Some 481 people in May were tested for the virus across the city compared to 304 for the whole of 2020.
It comes as a national campaign was launched to increase awareness of the virus, which in 90 per cent of cases is caused by injecting drugs. The NHS estimate half of people who inject themselves with drugs have the virus, which if left untreated can cause cirrhosis of the liver, which can cause cancer.
In the UK, an estimated 215,000 people are chronically infected with the hepatitis C virus, but many do not realise it as cases can be asymptomatic.
It can also be spread by sexual contact.
Untreated hepatitis C can also cause a range of other symptoms, such as: muscular pain and achy joints, pain in the abdominal and liver area, fatigue, depression, headaches, difficulty concentrating, loss of appetite, nausea and weight loss.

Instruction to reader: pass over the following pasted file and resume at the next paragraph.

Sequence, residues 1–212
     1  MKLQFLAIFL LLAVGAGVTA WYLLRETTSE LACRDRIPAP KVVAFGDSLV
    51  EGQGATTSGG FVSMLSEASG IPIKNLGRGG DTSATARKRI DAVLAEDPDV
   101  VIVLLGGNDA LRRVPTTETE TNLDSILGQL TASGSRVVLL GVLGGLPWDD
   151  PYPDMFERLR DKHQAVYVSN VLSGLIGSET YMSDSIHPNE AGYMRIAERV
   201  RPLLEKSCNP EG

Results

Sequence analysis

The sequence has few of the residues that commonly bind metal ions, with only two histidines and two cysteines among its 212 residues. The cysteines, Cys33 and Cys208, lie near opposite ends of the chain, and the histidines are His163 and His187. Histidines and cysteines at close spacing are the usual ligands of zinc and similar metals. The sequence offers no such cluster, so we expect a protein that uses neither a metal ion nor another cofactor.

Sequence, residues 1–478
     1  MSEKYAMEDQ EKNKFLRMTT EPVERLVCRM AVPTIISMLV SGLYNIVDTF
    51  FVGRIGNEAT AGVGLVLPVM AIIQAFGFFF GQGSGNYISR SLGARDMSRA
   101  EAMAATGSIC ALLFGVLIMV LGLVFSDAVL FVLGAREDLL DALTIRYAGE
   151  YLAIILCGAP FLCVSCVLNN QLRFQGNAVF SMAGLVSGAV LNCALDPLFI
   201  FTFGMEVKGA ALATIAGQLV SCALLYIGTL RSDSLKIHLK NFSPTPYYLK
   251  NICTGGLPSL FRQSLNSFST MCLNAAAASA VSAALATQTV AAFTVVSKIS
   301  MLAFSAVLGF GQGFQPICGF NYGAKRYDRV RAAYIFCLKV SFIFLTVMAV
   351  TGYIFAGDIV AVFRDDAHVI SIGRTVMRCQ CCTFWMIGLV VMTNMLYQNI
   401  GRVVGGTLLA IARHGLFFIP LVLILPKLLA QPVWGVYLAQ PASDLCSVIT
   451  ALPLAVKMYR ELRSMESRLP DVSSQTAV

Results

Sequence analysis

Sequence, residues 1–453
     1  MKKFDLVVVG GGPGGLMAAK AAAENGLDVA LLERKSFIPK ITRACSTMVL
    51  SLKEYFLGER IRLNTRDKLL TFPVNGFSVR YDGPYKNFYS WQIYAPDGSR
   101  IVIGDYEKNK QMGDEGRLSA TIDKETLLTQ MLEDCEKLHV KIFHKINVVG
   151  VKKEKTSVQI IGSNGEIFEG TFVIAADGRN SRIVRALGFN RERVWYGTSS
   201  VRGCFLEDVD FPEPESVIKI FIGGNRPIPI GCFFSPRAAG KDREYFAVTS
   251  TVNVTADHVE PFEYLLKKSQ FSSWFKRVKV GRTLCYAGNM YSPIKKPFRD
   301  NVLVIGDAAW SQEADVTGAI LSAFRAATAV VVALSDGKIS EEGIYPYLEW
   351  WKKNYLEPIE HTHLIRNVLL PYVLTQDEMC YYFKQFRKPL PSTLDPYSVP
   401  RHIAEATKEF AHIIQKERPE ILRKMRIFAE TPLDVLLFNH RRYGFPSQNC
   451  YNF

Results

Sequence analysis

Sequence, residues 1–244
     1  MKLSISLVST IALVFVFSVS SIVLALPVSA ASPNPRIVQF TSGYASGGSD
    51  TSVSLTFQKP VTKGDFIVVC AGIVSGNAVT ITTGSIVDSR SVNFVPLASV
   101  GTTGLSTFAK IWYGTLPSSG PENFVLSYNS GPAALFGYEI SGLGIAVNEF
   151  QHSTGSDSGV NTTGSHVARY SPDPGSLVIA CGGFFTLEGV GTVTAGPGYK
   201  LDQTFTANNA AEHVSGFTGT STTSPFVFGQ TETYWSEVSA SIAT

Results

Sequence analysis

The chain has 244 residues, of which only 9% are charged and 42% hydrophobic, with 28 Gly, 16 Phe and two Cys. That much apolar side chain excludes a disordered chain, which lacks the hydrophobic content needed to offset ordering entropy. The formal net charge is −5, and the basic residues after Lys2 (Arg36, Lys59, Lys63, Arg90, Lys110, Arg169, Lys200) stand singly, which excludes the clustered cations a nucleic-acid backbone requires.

Testing has been done by Forward Leeds a drug and alcohol service that works with people across West Yorkshire to help them manage addiction. Last year, testing figures were impacted by lockdown.
People living with hepatitis C across the city have been visiting the service’s hubs to encourage others to have testing.
Anthony Broderick, Hepatits C lead at Forward Leeds, said: “It’s been a fantastic achievement by all of our staff to get so many of the people who use our service tested.
“This national campaign has been a big help in raising awareness and working alongside the Hepatitis C Trust has been key.
“Testing can be done now by any trained member of staff at Forward Leeds and people can be immediately referred for treatment here at Forward Leeds if needed. Long-term our aim is to help Leeds ‘micro-eliminate’ hep C as they have done in other areas of England.”
John Fox from the Hepatitis C Trust said: “These testing figures are astounding. The Forward Leeds team have surpassed themselves and it’s been great working with them to achieve such high numbers of people getting tested.
"It’s possible to live with hepatitis C for a long time and never know you have the disease until it is too late. Treatment used to be very unpleasant with a limited chance of success. Luckily in the UK now we have a game-changing treatment with much better outcomes. Virtually everyone is cured with a simple course of tablets.”